Our Non-Christian Nation (inbunden)
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Stanford University Press
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Our Non-Christian Nation (inbunden)

Our Non-Christian Nation

How Atheists, Satanists, Pagans, and Others Are Demanding Their Rightful Place in Public Life

Inbunden Engelska, 2019-06-11
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Less and less Christian demographically, America is now home to an ever-larger number of people who say they identify with no religion at all. These non-Christians have increasingly been demanding their full participation in public life, bringing their arguments all the way to the Supreme Court. The law is on their side, but that doesn't mean that their attempts are not met with suspicion or outright hostility. In Our Non-Christian Nation, Jay Wexler travels the country to engage the non-Christians who have called on us to maintain our ideals of inclusivity and diversity. With his characteristic sympathy and humor, he introduces us to the Summum and their Seven Aphorisms, a Wiccan priestess who would deck her City Hall with a pagan holiday wreath, and other determined champions of free religious expression. As Wexler reminds us, anyone who cares about pluralism, equality, and fairness should support a public square filled with a variety of religious and nonreligious voices. The stakes are nothing short of long-term social peace.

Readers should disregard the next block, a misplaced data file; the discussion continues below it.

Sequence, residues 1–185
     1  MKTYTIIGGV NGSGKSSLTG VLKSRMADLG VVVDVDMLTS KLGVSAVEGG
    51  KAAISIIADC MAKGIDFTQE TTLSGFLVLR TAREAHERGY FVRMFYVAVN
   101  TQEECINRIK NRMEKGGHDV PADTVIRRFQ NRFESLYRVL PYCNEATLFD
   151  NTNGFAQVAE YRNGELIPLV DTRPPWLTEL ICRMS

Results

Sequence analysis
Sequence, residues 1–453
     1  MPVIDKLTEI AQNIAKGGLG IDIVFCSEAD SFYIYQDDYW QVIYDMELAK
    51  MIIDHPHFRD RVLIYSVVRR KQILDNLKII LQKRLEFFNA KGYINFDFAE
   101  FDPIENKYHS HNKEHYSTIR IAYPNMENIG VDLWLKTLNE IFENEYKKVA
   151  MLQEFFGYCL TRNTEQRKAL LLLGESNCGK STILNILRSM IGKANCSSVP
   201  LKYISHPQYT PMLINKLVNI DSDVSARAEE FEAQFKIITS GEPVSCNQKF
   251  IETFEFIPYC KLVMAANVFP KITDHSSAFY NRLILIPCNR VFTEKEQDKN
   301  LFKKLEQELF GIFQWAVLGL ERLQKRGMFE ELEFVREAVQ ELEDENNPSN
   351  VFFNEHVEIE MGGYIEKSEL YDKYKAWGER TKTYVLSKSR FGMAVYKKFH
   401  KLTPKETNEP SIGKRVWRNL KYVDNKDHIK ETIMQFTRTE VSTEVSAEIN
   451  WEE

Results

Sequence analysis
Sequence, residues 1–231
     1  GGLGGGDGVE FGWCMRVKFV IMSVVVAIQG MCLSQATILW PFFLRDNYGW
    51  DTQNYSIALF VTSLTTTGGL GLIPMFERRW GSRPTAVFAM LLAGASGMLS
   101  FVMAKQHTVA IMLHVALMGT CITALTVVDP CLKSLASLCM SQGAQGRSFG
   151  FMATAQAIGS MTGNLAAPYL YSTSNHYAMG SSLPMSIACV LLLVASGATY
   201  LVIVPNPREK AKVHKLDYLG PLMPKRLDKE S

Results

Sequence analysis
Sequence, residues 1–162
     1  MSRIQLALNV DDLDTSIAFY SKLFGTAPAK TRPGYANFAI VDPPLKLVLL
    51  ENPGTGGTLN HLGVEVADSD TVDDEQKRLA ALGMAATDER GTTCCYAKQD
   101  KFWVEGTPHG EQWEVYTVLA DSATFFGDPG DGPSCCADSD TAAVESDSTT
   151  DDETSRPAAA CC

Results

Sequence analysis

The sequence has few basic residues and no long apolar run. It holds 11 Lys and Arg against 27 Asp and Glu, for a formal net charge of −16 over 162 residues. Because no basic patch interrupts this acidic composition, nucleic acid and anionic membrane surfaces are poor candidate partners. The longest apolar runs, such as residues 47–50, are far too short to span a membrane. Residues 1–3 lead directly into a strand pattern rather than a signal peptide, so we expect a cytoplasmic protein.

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"[T]his book was written for the general public, which often struggles to understand the jurisprudence surrounding religious freedom. Even professors of religious studies often need help in this area....Wexler's writing makes this book ideal for getting undergraduates interested in these issues."--Joseph Laycock, Journal of the American Academy of Religion "What would it mean to take seriously the idea of religious diversity in the public sphere? Jay Wexler tells the stories of Wiccans, Muslims, and other religious and non-religious groups outside the mainstream who show what existing constitutional doctrine means in practice. The picture he paints provokes us to think differently about what that doctrine should be." -- Mark Tushnet * Harvard Law School * "Timely, trenchant, and tremendously engaging, Our Non-Christian Nation is essential reading for anyone interested in understanding the contemporary battles over religion's role in our national politics and culture." -- Phil Zuckerman * author of <i>Living the Secular Life</i> * "A fascinating read, and a wonderfully hopeful one...For anyone who feels marginalized as a pagan, nonbeliever, or just not a Christian, it's a manifesto for effective and often hilarious resistance."--Houston Chronicle "Wexler...has made a timely, at times funny, and compelling piece of reportage looking at a variety of religious groups, as well as a strong argument for the importance of a pluralistic society."--Boston Globe "In this brilliantly erudite and hugely entertaining romp through recent religious and legal history, Jay Wexler shows why, as our country becomes more religiously diverse, non-Christians need to get their voices heard and Christians need to help repair the wall between church and state. A marvelous read." -- Michael Shermer * <i>Skeptic</i> magazine * "A zesty, opinionated assessment of how non-Christians should actually behave....With curiosity and openness, Wexler performs the action that he advocates: that is, making heard a 'cacophony' of voices in public life so that different viewpoints get brought to the fore."--Dan Friedman, Los Angeles Review of Books "In this fine book, Jay Wexler urges humanists, atheists, Satanists, and members of minority religious traditions to take advantage of a fascinating new phenomenon: the opening of public space to a variety of beliefs and institutions. His compelling account of 'belief' in public life will be of interest to the deeply religious as well as those who cringe at the very thought of religion. I highly recommend it." -- Anthony B. Pinn * author of <i>Humanism: Essays on Race, Religion and Cultural Production</i> *